On behalf of the Deep Sea mining Campaign we would like to send a message of solidarity to Kiwis Against Seabed Mining (KASM) who is currently joined by pro-surfer Dave Rastovich (Surfers for Cetaceans) and many others in an epic 350km paddle to raise awareness about seabed mining in New Zealand. You can see daily updates of the paddle here
The action follows on from a 170km walk and cycle by KASM chairperson Phil McCabe. He and his partner Bernadette Gavin and and 11-year-old daughter Sequoia journeyed coastal South Taranaki to spread that message, from Opunake to Wanganui.
The campaign against seabed mining started way back in 2004, when the town of Raglan on the west coast of the Norh Island reacted to a a wave of prospecting permits that were being issued by the New Zealand government to several companies hoping to exploit the ironsand reserves in the west coast seabed. It wasn’t long before KASM was formed:
“KASM is a vehicle to help coastal residents to learn about any current and future proposals, and to illustrate the deep public opposition to these type of operations.” – KASM website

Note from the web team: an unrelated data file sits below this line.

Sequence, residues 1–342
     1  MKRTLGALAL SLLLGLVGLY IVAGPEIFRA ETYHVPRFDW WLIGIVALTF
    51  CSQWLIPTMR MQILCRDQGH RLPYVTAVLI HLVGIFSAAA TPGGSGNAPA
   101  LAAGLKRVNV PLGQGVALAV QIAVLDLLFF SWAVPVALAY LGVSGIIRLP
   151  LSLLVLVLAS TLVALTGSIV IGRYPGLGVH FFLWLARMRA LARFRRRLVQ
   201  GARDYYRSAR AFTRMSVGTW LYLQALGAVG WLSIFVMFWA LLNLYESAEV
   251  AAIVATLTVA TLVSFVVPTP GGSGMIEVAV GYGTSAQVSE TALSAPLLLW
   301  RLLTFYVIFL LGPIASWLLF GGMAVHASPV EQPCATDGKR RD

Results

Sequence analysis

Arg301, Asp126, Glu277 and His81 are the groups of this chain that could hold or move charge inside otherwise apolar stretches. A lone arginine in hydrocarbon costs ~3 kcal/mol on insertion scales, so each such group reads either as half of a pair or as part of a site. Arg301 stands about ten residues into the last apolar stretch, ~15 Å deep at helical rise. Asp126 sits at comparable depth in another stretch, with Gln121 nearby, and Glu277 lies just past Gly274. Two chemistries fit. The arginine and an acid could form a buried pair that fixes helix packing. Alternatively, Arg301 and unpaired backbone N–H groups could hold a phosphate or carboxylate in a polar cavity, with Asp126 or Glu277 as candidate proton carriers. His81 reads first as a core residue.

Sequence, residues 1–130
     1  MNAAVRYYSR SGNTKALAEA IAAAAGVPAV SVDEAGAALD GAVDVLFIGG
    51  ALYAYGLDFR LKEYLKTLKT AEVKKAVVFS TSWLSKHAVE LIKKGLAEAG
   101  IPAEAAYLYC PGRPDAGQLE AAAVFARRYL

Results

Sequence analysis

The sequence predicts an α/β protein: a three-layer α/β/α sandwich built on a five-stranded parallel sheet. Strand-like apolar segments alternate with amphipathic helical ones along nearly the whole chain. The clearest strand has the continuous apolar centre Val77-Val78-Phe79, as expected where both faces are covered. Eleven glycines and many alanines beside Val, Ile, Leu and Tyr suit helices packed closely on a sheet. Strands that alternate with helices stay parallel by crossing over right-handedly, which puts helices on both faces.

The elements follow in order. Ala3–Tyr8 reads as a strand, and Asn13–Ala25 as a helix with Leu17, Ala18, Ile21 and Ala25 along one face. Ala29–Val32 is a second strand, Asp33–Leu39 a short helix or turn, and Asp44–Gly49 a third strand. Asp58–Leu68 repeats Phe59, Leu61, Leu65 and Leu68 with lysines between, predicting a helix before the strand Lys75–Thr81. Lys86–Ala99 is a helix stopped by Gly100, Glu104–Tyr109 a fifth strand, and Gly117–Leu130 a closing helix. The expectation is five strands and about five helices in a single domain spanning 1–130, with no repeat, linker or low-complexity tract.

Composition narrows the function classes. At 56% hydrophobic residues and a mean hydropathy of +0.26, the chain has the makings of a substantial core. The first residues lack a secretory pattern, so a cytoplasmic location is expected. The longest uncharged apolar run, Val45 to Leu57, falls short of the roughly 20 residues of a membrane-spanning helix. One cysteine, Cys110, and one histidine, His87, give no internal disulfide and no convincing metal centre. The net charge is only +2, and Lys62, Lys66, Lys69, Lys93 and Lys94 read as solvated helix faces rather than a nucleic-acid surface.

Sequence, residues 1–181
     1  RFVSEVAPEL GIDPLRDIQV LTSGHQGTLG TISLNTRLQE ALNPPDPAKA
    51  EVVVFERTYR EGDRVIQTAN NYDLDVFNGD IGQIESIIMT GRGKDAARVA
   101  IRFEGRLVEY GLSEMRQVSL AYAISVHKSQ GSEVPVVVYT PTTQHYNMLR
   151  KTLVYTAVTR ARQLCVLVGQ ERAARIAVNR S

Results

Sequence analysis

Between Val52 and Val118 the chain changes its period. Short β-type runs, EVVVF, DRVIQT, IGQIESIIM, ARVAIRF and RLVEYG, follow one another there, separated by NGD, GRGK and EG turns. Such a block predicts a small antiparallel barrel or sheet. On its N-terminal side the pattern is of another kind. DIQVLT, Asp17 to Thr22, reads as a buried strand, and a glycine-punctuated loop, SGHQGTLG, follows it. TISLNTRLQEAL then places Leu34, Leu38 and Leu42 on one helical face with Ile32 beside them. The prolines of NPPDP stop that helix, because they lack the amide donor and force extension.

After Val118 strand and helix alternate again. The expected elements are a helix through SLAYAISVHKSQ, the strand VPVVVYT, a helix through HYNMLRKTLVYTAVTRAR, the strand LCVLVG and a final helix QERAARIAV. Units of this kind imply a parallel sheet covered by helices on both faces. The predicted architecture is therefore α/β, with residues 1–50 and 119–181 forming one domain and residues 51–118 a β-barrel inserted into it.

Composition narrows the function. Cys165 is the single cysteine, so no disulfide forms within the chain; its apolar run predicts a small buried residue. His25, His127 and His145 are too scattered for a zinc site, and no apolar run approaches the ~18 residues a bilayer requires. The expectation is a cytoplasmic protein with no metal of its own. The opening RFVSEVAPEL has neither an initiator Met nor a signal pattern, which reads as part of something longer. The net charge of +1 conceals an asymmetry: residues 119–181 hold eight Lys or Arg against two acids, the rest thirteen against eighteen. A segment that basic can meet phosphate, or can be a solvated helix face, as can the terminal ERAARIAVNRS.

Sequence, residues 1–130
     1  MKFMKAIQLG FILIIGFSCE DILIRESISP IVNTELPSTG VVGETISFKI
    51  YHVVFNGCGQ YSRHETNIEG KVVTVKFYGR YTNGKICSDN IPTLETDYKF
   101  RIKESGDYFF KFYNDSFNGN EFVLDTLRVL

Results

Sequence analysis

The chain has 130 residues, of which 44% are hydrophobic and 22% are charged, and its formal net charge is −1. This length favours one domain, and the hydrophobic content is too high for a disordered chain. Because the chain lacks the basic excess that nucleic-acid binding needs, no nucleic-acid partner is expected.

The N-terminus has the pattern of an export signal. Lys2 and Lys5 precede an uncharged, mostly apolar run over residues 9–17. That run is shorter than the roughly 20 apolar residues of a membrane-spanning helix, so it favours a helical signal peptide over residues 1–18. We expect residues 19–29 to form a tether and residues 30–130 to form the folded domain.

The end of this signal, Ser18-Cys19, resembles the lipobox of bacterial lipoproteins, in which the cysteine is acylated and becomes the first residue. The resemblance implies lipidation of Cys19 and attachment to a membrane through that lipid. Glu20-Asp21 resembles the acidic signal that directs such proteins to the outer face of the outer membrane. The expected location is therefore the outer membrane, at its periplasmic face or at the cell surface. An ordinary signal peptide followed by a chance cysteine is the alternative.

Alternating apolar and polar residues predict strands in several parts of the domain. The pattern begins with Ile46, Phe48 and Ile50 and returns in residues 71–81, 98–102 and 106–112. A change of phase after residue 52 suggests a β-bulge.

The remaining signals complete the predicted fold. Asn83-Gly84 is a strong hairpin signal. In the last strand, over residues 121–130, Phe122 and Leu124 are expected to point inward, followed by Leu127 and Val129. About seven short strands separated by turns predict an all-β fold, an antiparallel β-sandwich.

There are many key issues facing local communities and the environment by these proposals. The share scale of these proposals is not matched anywhere else in the world* in regards to shallow seabed mining. Key issues include:
- coastal erosion
- impacts on the Taranaki food chain
- threat to the endangered Maui dolphin (only 55 breeding animals left)
The campaign video against seabed mining in New Zealand has been viewed by nearly 5000 people, please watch and share:
To see currently registered prospecting and exploration permits, as well as the continental shelf licences in New Zealand’s marine environment please visit here.
In August this year the Deep Sea Mining campaign put out a joint media release with KASM questioning EU funding for SOPAC’s reckless approach to Experimental Seabed Mining in the Pacific. The Deep Sea mining campaign is also keeping a watchful eye on the development of deep sea mining 450 km east of Christchurch in New Zealand by Chatham Rock Phosphate.
*It should be noted that if deep sea mining goes ahead in the Pacific the scale of mining of seabeds will massive – the total exploration is as large as 26,578 Sydney Harbours or 1,325,892.06 Olympic swimming pools. Even though areas under leasehold are not necessarily active with current exploration there is still an enormous area of ocean in the hands of private companies.
KASM In the News
- Surfer to protest-paddle sea mining route
- World’s Smallest Dolphin in Surfer’s sights – Epic 350km Ocean Paddle Aims to draw Awareness to proposed NZ Seabed Mining
- Kiwis Against Seabed Mining to protest TTR’s Taranaki Coast plans
- Journey to protest mining
- Mining representative ejected
Deep Sea Mining campaign